Friday's HOT MIC
You knew this was coming:
From the article, which manages to combine the Times's twin bugbears of Trump and "climate change" in one neat, year-ending package:
Indeed, parts of the East Coast are bracing for record-breaking New Year’s Eve temperatures. New York City is forecast to experience its coldest New Year’s temperatures since the 1960s. But Mr. Trump’s tweet made the common mistake of looking at local weather and making broader assumptions about the climate at large.
Climate refers to how the atmosphere acts over a long period of time, while weather describes what’s happening on a much shorter time scale. The climate can be thought of, in a way, as the sum of long periods of weather.
Or, to use an analogy Mr. Trump might appreciate, weather is how much money you have in your pocket today, whereas climate is your net worth. A billionaire who has forgotten his wallet one day is not poor, anymore than a poor person who lands a windfall of several hundred dollars is suddenly rich. What matters is what happens over the long term.
Not only are they stupid, they're pedantically stupid. It never seems to occur to the Left that one of the things we most loathe about them is their unctuous, smug, hectoring sense of superiority.
You've gotta feel for the State Department tech experts who had to go through that hard drive with a fine tooth comb.
A friendly reminder from the PJM 2014 vault:
Your IT guy knows a lot more about you than you think (or may be comfortable with). If you take your computer to him for repairs, he's likely going to spend hours and hours cleaning unnecessary garbage off of your system. That means he could possibly stumble across things you might not want anyone to see, like the hundreds of thousands of porn images you thought you deleted but were still on your hard drive or the 200 selfies you took in your bathroom mirror. Or, God help you, if you're doing something illegal and harming someone, your tech guy could feel morally compelled to contact the authorities. The NSA may have your metadata, but your IT guy knows what you did last summer.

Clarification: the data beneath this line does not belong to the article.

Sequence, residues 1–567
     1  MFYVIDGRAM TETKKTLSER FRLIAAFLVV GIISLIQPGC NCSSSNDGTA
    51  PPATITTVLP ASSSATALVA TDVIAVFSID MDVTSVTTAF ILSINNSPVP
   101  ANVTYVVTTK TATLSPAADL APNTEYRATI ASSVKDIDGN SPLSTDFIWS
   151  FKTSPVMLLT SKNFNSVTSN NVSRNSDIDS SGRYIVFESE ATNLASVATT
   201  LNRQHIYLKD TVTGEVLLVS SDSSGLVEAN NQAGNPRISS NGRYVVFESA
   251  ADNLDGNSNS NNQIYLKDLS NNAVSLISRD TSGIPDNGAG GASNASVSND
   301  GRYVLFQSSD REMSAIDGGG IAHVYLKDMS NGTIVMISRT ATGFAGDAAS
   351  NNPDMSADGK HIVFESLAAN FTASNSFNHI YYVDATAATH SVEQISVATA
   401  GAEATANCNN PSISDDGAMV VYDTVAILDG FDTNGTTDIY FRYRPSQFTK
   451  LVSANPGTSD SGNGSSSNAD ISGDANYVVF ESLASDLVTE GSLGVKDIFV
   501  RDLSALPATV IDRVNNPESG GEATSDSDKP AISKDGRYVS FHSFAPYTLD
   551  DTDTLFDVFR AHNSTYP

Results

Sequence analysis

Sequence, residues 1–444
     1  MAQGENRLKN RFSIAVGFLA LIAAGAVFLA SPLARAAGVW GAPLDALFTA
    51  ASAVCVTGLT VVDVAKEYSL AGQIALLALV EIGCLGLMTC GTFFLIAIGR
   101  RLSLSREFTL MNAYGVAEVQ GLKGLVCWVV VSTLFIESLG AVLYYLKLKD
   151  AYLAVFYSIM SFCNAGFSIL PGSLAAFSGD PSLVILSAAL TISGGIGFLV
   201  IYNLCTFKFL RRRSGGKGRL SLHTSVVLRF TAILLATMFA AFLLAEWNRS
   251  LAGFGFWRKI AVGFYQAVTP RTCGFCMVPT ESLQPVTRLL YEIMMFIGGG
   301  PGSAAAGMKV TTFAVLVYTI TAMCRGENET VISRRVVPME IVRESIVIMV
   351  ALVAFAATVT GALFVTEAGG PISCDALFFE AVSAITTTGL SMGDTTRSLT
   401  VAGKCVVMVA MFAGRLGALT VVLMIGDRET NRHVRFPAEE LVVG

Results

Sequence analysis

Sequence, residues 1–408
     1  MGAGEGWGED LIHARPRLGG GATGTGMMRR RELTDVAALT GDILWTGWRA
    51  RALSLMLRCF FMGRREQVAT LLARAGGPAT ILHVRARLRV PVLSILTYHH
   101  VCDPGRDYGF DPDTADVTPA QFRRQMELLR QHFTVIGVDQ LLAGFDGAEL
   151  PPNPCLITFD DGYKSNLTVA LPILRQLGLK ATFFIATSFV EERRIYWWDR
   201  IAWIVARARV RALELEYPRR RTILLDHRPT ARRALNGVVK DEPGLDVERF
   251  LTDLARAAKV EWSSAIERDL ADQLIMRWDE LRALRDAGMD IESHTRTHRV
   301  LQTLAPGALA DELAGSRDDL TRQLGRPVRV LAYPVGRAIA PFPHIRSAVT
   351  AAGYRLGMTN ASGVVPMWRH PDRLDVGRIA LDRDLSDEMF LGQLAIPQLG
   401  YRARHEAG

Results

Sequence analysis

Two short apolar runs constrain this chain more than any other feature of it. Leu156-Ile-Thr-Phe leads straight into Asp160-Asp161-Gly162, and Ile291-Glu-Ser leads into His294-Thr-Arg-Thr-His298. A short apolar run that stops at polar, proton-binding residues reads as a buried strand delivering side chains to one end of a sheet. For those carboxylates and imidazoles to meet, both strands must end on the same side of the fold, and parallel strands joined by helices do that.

Read the rest here: 10 Secrets Your IT Guy Won't Tell You
I caught this episode of "The Profit' on CNBC last night. Fascinating:
I think they sugarcoated the lives of Cuban citizens a bit, but the show did expose the difficulty of starting and expanding a business there. One recurring theme was that Cubans were adamant about not discussing finances. While that may just be the result of a cultural distaste for avoiding such topics, I suspect it had more to do with their fear of government reprisals if the success of their private enterprises were to reflect badly on the failed communist economy.
What say you, dear readers?
Hamas prevents aid from reaching Gaza.
Israel is trying to maintain the flow of basic foodstuffs into the Gaza Strip, where more than 1 million Palestinians are dependent on aid, the government said. Rockets fired by Hamas have impeded that vital humanitarian mission, however.
TEL AVIV (Reuters) - Hamas rockets forced the closure of the main crossing point for humanitarian aid from Israel to Gaza on Tuesday, holding up the transfer of more than 100 truckloads of food and medical supplies including anesthetics, Israeli officials said.
Despite the fact its air force is bombarding the coastal enclave, Israel is trying to maintain the essential daily flow of basic foodstuffs into the Gaza Strip where most of 1.7 million Palestinians are dependent on aid.
A Twitter message from the Israel Defence Forces (IDF) said that “120+ trucks of supplies from Israel are waiting at Gaza border crossing. Hamas is firing rockets at the crossing. Trucks can’t enter now”.
The violence has lasted for seven days.
The United Nations Relief and Works Agency for Palestinian Refugees (UNRWA) says 1.2 million Gazans rely on UNRWA assistance, which enters the territory via Israel.
“UNRWA will continue to provide food aid to more than 800,000 refugees in the Strip. Our schools are providing a place of safe shelter. Our health clinics remain open and ready to bring medical care to the children, the sick, and the elderly,” the agency said in its latest update on the crisis.
In relatively normal times about 130 truckloads of aid -- mainly bulk staples -- go through the Kerem Shalom crossing daily.
Hamas did not return Reuters' request for comment.